This video shows an interview with Swiss architect and winner of the 2009 Pritzker Prize, Peter Zumthor. He studied Industrial Design and Architecture at Pratt Institute in New York. Zumthor founded his own firm in 1979. His practice grew quickly and he accepted more international projects. His best known projects are the Kunsthaus Bregenz (1997), a shimmering glass and concrete cube that overlooks Lake Constance (Bodensee) in Austria; the cave-like thermal baths in Vals, Switzerland (1999); the Swiss Pavilion for Expo 2000 in Hannover, an all-timber structure intended to be recycled after the event; the Kolumba Diocesan Museum (2007), in Cologne; and the Bruder Klaus Field Chapel, on a farm near Wachendorf. In 1994, he was elected to the Akademie der Künste in Berlin. In 1996, he was made an honorary member of the Bund Deutscher Architekten (BDA). He received the Carlsberg Architecture Prize, Mies van der Rohe Award for European Architecture in 1999, Praemium Imperiale (2008) and the Pritzker Architecture Prize (2009). During this interview, Zumthor talks with Jonathan Glancey about creating the Serpentine pavilion – a secluded sanctuary garden in the centre of London, away from the noise and bustle of city life.
Serpentine Gallery is one of London’s best-loved galleries for modern and contemporary art. Its Exhibition, Architecture, Education and Public Programmes attract up to 800,000 visitors in any one year and admission is free. Over the last eleven years there were eleven designs of Serpentine pavilion. Each of these was designed by world-famous architects. Last year project belonged to hero of this interview – Peter Zumthor.
The architect asked what kind of mood he hoped to evoke in this design, answers that he wanted to evoke many different emotions connected with memories. He have heard that some people said that “this sky reminds me something, this is a London’s sky anymore”. He also wanted to create a mood which could help people to forget about day-to-day economic and social problems. He wanted to create some sort of inclusion of something beautiful and quiet where is a lot of energy. He hoped that people relax in this place.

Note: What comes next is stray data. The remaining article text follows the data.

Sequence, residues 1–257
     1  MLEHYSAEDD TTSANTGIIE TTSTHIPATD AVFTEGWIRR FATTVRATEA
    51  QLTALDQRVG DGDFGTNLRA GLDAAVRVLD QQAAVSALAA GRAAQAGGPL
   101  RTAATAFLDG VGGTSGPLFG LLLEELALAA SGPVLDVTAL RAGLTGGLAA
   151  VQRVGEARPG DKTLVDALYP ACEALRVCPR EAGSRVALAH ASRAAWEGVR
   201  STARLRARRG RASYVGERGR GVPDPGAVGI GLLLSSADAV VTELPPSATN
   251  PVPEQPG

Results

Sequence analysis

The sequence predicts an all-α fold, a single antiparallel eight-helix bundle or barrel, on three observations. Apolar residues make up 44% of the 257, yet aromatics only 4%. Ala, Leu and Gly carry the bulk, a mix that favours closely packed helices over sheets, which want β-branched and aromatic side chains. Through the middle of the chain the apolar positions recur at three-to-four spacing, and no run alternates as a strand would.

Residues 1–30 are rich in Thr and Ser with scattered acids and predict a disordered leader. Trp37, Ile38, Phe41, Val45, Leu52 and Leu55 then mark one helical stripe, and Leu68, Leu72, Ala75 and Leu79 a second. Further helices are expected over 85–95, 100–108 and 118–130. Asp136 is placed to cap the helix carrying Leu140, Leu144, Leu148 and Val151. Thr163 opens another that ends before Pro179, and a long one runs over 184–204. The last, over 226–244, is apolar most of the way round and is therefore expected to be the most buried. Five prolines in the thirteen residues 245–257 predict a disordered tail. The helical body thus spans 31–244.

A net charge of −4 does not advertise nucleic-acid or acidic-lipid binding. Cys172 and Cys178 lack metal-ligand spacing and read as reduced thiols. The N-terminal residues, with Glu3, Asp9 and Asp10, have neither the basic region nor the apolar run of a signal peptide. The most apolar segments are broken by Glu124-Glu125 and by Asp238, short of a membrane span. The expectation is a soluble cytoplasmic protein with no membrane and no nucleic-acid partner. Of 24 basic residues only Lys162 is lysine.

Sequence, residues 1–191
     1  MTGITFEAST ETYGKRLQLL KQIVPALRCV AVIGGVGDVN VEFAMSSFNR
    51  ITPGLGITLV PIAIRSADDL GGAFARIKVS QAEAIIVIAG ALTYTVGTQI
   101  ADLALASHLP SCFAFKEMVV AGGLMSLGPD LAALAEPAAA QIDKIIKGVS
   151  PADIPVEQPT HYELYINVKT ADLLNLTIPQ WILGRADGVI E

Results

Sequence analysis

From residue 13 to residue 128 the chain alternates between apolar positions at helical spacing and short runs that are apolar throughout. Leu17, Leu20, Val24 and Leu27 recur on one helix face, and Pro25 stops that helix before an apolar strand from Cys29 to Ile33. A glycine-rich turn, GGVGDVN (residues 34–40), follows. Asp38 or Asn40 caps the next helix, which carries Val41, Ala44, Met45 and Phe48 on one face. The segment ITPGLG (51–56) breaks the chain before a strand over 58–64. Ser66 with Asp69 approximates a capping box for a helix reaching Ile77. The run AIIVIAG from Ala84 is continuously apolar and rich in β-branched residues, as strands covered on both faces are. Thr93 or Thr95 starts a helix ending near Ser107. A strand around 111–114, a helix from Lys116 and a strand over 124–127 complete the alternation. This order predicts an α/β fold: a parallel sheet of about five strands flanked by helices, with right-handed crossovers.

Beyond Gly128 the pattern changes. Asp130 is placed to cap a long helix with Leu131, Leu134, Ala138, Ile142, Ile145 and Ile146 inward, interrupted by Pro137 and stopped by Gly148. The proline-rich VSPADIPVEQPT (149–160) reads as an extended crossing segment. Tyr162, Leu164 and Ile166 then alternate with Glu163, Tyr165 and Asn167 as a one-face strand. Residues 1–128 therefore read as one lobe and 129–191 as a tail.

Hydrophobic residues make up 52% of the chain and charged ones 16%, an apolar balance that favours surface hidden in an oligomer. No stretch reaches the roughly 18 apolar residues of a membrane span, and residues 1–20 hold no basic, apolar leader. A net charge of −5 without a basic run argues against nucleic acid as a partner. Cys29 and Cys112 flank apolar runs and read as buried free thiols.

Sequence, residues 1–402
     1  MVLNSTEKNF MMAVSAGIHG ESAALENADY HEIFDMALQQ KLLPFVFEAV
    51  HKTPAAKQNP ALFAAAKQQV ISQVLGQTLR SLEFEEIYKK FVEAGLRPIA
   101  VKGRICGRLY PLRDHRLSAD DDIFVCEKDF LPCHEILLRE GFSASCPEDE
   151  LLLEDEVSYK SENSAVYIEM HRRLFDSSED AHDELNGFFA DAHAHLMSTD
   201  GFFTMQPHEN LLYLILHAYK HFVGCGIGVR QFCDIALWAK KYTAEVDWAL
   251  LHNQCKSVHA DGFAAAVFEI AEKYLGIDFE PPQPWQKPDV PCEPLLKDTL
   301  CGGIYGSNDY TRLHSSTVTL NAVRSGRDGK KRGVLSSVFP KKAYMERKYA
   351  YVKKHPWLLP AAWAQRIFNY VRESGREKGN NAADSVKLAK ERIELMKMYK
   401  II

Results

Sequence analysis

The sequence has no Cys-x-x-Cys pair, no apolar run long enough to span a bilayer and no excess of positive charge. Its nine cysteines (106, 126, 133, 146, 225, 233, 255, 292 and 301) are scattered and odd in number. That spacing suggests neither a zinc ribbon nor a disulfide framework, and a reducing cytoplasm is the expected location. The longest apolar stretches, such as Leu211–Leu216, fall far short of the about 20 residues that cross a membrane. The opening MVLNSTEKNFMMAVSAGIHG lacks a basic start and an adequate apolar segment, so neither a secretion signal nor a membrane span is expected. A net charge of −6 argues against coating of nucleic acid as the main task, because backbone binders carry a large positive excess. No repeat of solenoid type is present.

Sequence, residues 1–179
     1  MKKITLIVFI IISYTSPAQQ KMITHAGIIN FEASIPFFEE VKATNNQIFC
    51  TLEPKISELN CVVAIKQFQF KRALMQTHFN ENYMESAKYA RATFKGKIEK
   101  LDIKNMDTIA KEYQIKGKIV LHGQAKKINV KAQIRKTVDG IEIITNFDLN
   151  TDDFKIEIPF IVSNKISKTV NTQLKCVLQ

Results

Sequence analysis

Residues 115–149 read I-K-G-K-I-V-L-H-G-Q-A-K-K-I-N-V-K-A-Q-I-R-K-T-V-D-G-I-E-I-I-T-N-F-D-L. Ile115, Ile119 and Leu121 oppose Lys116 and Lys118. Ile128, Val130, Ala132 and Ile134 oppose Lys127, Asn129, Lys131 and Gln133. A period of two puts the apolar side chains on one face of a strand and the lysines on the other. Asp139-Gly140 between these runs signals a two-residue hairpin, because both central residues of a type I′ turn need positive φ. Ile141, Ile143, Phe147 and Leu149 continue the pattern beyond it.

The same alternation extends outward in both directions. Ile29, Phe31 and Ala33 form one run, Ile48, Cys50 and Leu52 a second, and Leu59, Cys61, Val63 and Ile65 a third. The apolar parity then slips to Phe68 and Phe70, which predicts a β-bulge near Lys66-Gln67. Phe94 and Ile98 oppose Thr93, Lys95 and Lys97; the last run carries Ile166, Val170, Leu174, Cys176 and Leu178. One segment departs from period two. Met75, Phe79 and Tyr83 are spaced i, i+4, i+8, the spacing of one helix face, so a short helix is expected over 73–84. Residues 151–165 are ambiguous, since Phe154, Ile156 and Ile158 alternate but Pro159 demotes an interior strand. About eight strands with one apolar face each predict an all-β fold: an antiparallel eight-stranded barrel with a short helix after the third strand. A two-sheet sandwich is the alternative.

The interviewer mentions about Zumthor’s project of Thermal Bath in Vals. He thinks that Zumthor did something that a very few architects are able to do inside the building. He created the weather system which acts inside the buildings. The architect explains that he does the same thing in Serpentine pavilion, because it was designed to rain. He designed few special solutions which give a beautiful experience during the rain. The sounds of rain drops and the way in which water is flowing create a unique atmosphere in very centre of London.
Peter Zumthor tried to do something magical with his Serpentine pavilion. He tried in that closed space to “squeeze” nature into the small slit to make people hyper-aware of plants, sky or the birds song that comes into that pavilion. When you come out of the pavilion you can sit down under the tree in Kingston Gardens you suddenly feel free. And maybe it is what the designer wanted to achieve or maybe architects sometimes try too hard to do something that nature does for us.
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